Plans to build another large apartment complex along Eden Prairie Road near Smith Coffee & Café cleared a hurdle Monday, Nov. 8, with approval from the Eden Prairie Planning Commission.
Next is a review by the Eden Prairie City Council.
Endorsed 8-1 on Monday was a United Properties plan to build a 239-unit apartment complex on Lincoln Lane, replacing seven older single-family homes there.
The four-story building immediately north of Smith Coffee & Café would be called The Ellie after Elizabeth Fries Ellet, the East Coast writer credited with giving Eden Prairie its name after visiting the area and calling it the garden spot of the territory.
It would follow several apartment complexes recently built south of Smith Coffee & Café, including Applewood Pointe – also developed by United Properties – and the CommonBond Communities project called Trail Pointe Ridge.
Commissioners on Monday said a mark in The Ellie’s favor is that it will include some apartment units that meet affordability criteria. How many units that will be depends on whether the city allows tax-increment financing (TIF) to be used to build the project. TIF is an investment tool that diverts a portion of the property taxes to help financing, without affecting the city’s tax levy. Those talks are underway.
Still, the size of the project was a point of contention at Monday’s planning commission hearing. Neighbor Elizabeth Petry testified that 239 units on 6.4 acres is not in line with what exists in the area, and Commissioner Carole Mette agreed. The proposed 37 units per acre is well above Applewood Pointe at 26 units per acre and Trail Pointe Ridge at 29 units per acre.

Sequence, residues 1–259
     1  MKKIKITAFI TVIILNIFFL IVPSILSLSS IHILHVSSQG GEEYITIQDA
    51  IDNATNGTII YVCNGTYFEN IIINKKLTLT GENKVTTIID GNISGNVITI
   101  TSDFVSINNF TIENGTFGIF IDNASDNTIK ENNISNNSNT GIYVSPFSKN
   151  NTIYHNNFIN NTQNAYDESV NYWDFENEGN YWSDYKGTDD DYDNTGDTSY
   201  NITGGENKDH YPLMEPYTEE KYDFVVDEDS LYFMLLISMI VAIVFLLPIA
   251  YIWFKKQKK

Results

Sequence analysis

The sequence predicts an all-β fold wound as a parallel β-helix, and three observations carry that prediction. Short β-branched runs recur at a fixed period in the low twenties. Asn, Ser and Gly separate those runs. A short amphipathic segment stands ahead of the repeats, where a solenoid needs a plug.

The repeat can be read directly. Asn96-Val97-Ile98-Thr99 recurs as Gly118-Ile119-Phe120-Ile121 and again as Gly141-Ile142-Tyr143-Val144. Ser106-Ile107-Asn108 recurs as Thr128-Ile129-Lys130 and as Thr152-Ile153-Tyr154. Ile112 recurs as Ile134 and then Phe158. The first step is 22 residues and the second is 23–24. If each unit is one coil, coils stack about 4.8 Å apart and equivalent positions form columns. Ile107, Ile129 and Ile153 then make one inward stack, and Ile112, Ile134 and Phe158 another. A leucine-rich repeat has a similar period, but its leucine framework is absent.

Mette said that redeveloping the area into apartment use “makes sense. But what we have here is too much,” she added. “This is too much density that we’re trying to pack onto the site.”
But other commissioners said that in order to attain affordable housing in Eden Prairie, some projects that are redevelopments or are taking place on remnant pieces of land may need more units than projects built years ago.
“Eden Prairie is growing, and the growth is going to show up as increased density in certain areas,” said Commissioner John Kirk.
We offer several ways for our readers to provide feedback. Your comments are welcome on our social media posts (Facebook, X, Instagram, Threads, and LinkedIn). We also encourage Letters to the Editor; submission guidelines can be found on our Contact Us page. If you believe this story has an error or you would like to get in touch with the author, please connect with us.